Do we read better or worse on screens compared to printed media?
Again, it depends entirely on our definition of ”reading” and what kind of text is being referred to. However, an interesting finding in some of the empirical studies is that we tend to overestimate our own reading comprehension when we read on screen compared to on paper. Some studies have shown that we believe we have understood the text better, when we read from a screen. However, it has been found that we tend to read faster on screen and consequently understand less compared to when reading from paper. This is a very new research topic and there are studies that have not found any differences in this area. As a result, a lot more studies are required to be able to make conclusions with any level of certainty. However, such findings do highlight something very important, namely that we may have a different mental attitude to what we read on a screen. This has very significant implications, including in the context of education.
What is it with books that catches our attention?
A book also has more physical attributes or characteristics that can suggest something about the content and the text, in comparison to a screen. While an iPad will always look the same, a book has different physical and typographic characteristics that can encourage a certain reading mode and can affect the way in which you read, for example, a thick and compact novel or a thin book of poems. A physics textbook obviously gives off different signals than a pocketbook by Dan Brown. It has something to do with seeing it and physically feeling that you are browsing in a book.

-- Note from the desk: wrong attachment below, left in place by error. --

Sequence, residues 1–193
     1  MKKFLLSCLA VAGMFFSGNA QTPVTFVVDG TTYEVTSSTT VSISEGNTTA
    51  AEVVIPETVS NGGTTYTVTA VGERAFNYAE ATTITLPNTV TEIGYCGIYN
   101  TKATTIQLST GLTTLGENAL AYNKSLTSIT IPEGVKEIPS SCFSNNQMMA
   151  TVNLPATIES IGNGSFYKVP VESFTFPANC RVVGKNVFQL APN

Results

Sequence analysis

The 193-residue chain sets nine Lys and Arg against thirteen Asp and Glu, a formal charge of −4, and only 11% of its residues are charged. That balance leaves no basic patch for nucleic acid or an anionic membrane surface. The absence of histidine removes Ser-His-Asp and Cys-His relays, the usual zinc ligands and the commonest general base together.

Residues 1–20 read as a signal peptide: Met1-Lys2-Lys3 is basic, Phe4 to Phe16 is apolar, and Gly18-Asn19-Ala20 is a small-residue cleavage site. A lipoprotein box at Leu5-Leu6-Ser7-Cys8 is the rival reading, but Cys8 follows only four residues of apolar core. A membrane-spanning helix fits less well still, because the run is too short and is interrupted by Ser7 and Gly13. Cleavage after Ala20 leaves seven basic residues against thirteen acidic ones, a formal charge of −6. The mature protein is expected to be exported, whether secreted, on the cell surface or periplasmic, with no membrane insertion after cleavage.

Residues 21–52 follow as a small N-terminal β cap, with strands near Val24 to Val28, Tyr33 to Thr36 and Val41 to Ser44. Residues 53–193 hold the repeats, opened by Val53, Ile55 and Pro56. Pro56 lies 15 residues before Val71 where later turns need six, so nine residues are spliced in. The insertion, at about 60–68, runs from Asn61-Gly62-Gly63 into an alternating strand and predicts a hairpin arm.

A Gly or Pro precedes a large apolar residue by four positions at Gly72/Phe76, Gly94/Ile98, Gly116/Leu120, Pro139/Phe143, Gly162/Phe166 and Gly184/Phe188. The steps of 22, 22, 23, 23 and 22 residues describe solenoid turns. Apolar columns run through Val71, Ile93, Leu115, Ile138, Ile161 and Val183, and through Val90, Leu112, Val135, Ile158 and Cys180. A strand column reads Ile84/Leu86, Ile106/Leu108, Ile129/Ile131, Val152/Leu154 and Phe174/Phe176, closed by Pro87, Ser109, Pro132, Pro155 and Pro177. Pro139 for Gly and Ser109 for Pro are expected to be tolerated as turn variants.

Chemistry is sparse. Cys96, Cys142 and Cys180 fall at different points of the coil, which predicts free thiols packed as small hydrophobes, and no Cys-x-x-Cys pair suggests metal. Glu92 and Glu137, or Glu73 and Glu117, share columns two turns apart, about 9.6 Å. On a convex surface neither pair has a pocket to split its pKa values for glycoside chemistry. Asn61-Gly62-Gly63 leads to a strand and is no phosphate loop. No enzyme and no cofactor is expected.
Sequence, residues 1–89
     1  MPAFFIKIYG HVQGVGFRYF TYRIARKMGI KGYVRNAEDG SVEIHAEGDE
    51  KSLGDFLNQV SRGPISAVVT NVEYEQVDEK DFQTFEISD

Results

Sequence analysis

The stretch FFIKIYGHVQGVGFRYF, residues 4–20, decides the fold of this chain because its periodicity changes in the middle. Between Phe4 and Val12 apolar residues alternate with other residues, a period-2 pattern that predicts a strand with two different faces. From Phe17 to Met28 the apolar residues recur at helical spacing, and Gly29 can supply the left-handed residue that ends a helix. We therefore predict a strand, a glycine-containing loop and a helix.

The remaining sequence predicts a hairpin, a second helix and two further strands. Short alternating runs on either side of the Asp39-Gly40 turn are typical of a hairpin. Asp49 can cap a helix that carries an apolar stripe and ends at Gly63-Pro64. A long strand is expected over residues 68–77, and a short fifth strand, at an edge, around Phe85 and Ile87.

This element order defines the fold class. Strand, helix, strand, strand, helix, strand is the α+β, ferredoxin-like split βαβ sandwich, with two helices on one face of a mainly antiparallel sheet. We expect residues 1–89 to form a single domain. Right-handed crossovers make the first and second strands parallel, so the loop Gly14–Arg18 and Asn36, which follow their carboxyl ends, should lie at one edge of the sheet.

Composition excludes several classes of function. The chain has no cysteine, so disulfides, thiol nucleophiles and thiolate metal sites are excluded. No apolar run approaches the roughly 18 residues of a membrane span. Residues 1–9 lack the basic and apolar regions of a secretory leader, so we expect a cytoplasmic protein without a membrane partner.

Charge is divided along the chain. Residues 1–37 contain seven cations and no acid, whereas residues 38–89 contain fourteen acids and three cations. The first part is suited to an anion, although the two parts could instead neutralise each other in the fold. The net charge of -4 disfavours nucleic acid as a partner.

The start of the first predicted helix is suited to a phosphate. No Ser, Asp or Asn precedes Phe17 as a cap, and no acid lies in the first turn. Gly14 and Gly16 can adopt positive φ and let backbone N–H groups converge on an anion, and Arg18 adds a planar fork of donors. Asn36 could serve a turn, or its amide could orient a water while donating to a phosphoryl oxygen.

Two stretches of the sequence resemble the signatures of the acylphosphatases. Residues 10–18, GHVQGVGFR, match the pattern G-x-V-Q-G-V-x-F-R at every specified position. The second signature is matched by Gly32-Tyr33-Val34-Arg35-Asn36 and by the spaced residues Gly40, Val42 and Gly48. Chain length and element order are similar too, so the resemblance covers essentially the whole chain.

What is E-READ researching and how is the research being conducted?
”Reading” encompasses a wide range of factors, objectives and components, whether we are talking about reading for leisure or reading in the context of studies or work. For example, reading literature has proven to have a stimulating effect on the imagination and encourage the development of empathy. Reading has an effect on our ability to concentrate and for abstract thinking. We want to discover if such processes are influenced by the reading medium. E-READ is a research network that brings together reading researchers across paradigms and disciplines. We study a range of aspects including cognitive processes, understanding, memorisation and emotional processes such as empathy and sensitivity in literary reading. In the group I work with, we are looking at the neuropsychological and physiological aspects of reading. For example, we study the reader’s eye movements and can see whether eye movements differ based on whether a text is rich in metaphors or other stylistic devices, compared to more action-orientated descriptions. Readers who participate in the study also answer questions in interviews and questionnaires about what they feel and understand when they read and how they experience what they read. In addition, new methods for measuring emotional processes have been adopted by the network. This includes everything from advanced technology that registers muscle activity in the reader’s face to electrodes attached to the head, which can show how readers respond emotionally to what they read.